If you have access to one of these browsers you can gain a better understanding of the capabilities of the service by viewing the following captioned videos:

Note that in the session on “Doing the day job” the talk on “Replacement CMS – Getting it right and getting the buy-in” has a captioned video and a very brief captioned video of the talk on “StudentNET Portal” is also available but due to technical problems a video of the talk was not  produced.

Building on Twapper Keeper

The Twitter captioning service processes the Twitter archive provided by the Twapper Keeper twitter archiving service.  Recently developments to Twapper Keeper have been funded by the JISC (and I am the project manager for this work).  I was particularly pleased with this example which illustrates the benefits that can be gained by providing APIs to a service (such as Twapper Keeper) which can then be exploited by other applications (such as the Twitter captioning service).  This approach allows John O’Brien, the TwapperKeeper developer to focus on backend developments (e.g. migrating the authentication to OAuth)  whilst Martin Hawksey, developer of Twitter captioning service, can focus on enhancements to the end user service (such as the search function).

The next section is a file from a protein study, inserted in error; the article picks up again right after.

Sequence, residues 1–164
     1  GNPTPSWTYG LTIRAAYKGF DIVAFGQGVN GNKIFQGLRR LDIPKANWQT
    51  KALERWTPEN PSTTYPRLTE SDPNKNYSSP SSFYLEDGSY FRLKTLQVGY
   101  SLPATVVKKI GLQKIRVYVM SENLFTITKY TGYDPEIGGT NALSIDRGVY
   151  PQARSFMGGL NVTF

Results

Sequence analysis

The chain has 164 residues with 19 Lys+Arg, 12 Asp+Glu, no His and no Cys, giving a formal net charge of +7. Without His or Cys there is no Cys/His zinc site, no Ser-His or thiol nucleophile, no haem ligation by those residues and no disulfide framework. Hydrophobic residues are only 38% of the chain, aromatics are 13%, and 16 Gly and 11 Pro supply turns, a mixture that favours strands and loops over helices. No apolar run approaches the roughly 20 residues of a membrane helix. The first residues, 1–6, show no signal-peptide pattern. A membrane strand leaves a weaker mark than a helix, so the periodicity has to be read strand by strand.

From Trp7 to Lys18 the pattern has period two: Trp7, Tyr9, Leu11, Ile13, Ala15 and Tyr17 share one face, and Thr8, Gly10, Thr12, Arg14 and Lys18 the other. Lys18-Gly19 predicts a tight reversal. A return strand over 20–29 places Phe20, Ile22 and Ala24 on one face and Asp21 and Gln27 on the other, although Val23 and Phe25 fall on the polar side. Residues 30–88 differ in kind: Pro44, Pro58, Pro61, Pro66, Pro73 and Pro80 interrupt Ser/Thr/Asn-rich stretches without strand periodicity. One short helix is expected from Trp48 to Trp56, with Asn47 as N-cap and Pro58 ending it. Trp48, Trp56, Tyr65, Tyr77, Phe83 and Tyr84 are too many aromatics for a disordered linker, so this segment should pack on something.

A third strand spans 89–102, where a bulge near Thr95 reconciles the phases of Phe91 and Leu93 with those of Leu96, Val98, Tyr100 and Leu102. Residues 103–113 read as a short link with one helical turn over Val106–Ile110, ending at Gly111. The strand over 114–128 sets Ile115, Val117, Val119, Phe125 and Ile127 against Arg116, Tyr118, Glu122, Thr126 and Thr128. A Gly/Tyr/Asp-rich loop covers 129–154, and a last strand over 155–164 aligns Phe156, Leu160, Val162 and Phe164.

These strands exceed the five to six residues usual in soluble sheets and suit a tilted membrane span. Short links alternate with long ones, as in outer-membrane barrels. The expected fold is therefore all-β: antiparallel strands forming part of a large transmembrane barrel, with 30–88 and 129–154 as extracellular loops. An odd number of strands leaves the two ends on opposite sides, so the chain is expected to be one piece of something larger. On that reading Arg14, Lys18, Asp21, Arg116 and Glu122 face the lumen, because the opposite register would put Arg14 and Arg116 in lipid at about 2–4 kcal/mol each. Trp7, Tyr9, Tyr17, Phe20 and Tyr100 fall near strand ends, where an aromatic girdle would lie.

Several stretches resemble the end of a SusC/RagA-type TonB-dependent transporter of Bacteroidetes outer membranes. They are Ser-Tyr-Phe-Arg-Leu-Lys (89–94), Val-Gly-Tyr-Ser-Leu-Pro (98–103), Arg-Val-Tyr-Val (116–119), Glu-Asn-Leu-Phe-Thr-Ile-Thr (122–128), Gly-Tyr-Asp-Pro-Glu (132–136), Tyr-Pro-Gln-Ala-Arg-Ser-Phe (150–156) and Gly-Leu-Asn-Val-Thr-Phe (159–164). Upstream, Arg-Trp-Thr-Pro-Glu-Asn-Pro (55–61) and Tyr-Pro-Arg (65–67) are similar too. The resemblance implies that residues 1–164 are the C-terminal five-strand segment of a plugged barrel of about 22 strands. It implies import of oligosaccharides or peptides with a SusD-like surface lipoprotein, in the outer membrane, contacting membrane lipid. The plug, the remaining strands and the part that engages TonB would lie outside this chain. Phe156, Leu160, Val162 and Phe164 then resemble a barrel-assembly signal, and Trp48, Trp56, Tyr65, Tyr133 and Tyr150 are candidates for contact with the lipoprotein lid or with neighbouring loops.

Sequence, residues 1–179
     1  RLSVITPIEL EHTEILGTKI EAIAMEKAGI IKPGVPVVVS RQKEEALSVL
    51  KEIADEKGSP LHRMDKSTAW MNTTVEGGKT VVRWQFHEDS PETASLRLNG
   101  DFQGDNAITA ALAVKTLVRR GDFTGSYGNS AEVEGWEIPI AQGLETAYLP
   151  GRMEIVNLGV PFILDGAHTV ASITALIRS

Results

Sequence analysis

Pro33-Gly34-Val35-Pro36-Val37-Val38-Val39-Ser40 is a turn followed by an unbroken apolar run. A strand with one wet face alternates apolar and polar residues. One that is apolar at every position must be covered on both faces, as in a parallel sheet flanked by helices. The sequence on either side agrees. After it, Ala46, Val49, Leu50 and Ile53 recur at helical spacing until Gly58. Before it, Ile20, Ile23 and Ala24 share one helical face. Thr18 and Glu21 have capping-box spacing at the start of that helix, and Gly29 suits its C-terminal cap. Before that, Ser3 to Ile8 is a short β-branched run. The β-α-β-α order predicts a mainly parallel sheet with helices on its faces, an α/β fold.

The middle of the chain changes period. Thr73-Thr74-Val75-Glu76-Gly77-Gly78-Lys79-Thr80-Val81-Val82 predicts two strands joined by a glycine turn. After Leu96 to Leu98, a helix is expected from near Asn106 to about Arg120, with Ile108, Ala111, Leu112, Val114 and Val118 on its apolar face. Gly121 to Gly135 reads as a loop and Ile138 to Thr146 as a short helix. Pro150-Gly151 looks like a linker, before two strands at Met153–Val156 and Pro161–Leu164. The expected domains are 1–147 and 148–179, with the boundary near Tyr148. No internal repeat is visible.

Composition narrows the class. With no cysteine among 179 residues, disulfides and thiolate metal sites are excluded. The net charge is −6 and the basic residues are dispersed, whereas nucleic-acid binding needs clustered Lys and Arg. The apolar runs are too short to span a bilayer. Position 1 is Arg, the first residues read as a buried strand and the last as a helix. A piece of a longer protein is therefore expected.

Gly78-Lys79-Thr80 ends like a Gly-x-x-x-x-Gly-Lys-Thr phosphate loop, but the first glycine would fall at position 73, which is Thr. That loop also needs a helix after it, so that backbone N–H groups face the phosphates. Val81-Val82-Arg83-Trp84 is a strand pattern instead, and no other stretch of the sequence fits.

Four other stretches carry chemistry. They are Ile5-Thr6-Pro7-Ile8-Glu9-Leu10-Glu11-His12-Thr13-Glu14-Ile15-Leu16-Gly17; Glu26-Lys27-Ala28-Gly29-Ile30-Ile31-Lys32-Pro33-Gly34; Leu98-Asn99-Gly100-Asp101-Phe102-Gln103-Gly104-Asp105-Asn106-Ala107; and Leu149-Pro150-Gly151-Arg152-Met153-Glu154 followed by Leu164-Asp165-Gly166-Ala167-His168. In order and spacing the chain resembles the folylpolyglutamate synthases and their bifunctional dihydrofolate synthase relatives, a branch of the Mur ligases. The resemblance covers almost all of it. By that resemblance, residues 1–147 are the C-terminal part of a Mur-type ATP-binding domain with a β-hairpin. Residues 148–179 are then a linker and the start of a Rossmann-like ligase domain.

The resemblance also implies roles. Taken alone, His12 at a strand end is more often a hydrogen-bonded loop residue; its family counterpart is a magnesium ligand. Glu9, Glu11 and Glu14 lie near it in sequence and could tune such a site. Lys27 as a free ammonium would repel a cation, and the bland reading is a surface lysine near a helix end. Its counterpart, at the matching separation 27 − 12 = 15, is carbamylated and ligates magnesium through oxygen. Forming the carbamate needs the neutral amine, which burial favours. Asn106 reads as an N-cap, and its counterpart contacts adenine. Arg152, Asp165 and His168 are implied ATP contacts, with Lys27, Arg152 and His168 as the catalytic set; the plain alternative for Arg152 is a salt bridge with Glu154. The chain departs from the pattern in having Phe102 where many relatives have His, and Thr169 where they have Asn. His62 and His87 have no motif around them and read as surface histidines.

Advice to Others

If you are thinking of doing something similar for your event here are some suggestions.

Creating the Twitter Stream

  • Create a Twapper Keeper archive for your event hashtag.
  • Consider providing an official event Twitterer who can ensure that the key points in the talks are recorded.
  • Provide clear ways of identifying the start and end of the talks. For example we used the hashtag #P1 for the first plenary talk.  Tweeting “#P1 #start of talk by Chris Sexton” and “#P1 #end of talk by Chris Sexton” enables the start and end of the talks to be easily identified, and this syntax is also understandable by people reading the Twitter stream.

Synchronising the Video and the Twitter Stream